Tuesday, July 2, 2013

Compositional models and their relation to Bayesian networks

Some time ago I noticed that Radim Jirousek published a foundational paper bringing together results on compositional models. A subclass of compositional models are an alternative formulation of Bayesian networks.

The basic idea goes as follows. Suppose \(\pi\) is a joint distribution on variables \(x_1\) and \(x_2\) specified by the following table (see the linked paper page 620).

\(\pi\) \(x_1=0\) \(x_1=1\)
\(x_2=0\) \(\frac{1}{2}\) \(\frac{1}{2}\)
\(x_2=1\) 0 0

and further suppose \(\nu\) is the uniform distribution on variables \(x_1\) and \(x_3\):

\(\pi\) \(x_1=0\) \(x_1=1\)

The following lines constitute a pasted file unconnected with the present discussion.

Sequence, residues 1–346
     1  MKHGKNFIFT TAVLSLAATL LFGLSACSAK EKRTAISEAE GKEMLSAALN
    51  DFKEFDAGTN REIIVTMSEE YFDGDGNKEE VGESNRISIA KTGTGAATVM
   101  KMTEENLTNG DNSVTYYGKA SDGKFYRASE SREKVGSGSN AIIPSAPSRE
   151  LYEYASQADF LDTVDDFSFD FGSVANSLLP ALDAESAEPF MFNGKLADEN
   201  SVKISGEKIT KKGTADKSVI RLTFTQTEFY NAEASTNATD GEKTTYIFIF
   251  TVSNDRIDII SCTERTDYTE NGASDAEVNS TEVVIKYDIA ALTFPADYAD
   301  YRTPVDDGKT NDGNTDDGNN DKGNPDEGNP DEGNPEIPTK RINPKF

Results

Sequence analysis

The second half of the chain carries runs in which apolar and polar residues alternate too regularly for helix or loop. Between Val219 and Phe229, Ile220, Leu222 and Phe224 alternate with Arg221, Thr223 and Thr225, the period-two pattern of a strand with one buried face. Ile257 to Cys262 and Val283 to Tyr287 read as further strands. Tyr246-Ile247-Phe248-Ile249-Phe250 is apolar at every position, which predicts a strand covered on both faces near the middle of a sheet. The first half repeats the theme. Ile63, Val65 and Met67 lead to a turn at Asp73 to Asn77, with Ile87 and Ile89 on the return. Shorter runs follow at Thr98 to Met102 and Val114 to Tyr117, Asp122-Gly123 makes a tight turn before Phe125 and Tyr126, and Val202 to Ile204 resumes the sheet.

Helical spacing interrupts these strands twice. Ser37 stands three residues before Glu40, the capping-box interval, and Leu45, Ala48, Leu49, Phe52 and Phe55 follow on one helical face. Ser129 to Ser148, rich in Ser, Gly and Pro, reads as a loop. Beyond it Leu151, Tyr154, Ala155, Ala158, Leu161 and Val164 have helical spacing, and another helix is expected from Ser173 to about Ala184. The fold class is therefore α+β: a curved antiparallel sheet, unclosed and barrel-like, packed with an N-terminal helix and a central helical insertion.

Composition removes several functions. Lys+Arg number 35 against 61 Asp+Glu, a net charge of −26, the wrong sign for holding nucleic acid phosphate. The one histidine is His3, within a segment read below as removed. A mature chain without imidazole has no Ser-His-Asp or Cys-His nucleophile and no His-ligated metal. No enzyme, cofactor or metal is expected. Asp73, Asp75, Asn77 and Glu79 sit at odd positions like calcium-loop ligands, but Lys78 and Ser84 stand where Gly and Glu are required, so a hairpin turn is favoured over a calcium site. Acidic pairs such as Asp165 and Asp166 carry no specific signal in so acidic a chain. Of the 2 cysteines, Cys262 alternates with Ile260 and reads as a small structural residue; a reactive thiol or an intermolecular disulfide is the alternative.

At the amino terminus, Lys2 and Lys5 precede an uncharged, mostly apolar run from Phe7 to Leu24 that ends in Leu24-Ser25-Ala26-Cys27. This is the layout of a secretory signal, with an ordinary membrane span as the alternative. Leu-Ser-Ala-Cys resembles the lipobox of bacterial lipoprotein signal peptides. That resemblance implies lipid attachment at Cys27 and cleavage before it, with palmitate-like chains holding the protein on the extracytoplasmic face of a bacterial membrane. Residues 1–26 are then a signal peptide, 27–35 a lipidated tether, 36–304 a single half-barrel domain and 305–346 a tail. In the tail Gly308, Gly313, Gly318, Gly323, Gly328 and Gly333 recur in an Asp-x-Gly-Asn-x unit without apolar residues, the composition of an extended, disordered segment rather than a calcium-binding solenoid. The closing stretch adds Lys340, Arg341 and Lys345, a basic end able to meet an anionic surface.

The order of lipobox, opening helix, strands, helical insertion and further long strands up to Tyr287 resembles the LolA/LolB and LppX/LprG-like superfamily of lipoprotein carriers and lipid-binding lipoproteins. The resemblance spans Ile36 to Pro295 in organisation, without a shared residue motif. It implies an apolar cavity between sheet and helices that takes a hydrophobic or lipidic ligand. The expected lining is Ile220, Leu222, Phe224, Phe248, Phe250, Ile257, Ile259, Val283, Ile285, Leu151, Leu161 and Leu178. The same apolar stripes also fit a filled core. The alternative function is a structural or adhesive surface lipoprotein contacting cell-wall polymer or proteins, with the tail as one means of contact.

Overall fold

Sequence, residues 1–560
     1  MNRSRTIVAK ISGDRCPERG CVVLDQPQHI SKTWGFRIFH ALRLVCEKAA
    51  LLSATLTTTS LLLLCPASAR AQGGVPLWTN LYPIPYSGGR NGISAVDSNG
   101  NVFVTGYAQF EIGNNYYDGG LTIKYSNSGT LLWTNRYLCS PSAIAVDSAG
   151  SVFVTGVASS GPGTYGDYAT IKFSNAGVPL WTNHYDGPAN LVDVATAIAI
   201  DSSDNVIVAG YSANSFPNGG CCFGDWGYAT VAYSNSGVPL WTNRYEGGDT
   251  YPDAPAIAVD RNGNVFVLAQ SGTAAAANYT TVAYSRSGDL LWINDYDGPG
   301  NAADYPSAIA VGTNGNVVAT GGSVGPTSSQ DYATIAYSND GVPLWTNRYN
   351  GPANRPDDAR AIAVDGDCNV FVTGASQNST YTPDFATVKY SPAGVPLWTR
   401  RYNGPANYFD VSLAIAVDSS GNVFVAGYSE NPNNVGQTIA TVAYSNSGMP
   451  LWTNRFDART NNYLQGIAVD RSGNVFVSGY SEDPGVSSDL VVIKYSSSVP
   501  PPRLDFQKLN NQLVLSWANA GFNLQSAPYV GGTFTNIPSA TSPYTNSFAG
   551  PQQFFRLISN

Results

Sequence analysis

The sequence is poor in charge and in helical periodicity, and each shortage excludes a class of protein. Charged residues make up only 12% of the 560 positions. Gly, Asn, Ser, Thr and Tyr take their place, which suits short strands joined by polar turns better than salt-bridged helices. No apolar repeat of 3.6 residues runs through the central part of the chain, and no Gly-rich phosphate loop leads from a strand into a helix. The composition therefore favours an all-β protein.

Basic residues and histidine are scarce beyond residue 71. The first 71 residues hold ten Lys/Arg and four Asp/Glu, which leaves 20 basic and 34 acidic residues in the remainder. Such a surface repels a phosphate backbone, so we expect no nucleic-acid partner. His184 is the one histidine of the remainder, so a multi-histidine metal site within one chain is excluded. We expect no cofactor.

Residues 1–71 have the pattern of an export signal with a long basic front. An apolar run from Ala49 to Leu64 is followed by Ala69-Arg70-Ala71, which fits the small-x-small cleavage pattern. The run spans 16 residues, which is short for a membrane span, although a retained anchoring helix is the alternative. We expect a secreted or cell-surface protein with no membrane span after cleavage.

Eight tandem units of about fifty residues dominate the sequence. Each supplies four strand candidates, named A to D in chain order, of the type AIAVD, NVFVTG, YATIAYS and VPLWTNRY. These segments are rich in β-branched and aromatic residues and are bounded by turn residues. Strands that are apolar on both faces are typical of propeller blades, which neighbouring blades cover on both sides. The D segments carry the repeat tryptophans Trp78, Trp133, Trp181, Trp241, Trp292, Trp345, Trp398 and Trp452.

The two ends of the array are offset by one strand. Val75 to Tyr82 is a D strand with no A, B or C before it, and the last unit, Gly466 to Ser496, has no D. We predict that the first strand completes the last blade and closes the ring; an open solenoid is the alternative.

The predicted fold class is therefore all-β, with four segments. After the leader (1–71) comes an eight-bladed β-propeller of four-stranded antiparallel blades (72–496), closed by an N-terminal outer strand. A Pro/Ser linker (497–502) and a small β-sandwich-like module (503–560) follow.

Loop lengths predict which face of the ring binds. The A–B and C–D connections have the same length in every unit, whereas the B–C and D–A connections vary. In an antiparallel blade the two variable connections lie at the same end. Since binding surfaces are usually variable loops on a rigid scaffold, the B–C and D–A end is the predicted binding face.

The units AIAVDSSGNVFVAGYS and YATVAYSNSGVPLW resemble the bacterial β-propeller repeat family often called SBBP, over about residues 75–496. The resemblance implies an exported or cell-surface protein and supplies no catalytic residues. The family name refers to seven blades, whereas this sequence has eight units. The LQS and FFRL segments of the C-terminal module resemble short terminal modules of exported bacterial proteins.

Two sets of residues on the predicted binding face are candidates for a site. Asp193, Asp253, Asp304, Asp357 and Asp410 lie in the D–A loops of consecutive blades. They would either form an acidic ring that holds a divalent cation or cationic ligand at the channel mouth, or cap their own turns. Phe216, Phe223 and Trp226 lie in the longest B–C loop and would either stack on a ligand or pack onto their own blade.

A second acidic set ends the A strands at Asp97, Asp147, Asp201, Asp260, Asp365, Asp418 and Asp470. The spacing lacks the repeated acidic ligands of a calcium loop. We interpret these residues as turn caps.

\(x_2=0\) \(\frac{1}{2}\) \(\frac{1}{2}\)
\(x_2=1\) 0 0

Then we define $$ (\pi \rhd \nu)(x_1,x_2,x_3) = \frac{ \pi(x_1,x_2) \nu(x_2, x_3) } { \nu^{\downarrow(2)}(x_2) } $$ where the down arrow indicates a marginal distribution. This division may not always be defined. For example the composition \(\pi \rhd \nu(x)\) is defined for all combinations of \(x_1\),\(x_2\) and \(x_3\) whereas the composition \(\nu \rhd \pi(x)\) is defined for only some, as in the table below which can be compared to that on page 630 of Jirousek's paper.

\(x_1\) \(x_2\) \(x_3\) \(\pi \rhd \nu(x)\) \(\nu \lhd \pi(x)\)
false false false Some(0.25) Some(0.125)
false false true Some(0.25) Some(0.125)
false true false Some(0.0) None
false true true Some(0.0) None
true false false Some(0.25) Some(0.125)
true false true Some(0.25) Some(0.125)
true true false Some(0.0) None
true true true Some(0.0) None

Conveniently Scala allows function names like |> and <|, and the monadic representation of results. Here None means undefined, and a finer point about the implementation below is that I might have used a ternary operator to resolve 0*0/0=0, as per Jirousek's convention.

Anyway, here's the code

No comments:

Post a Comment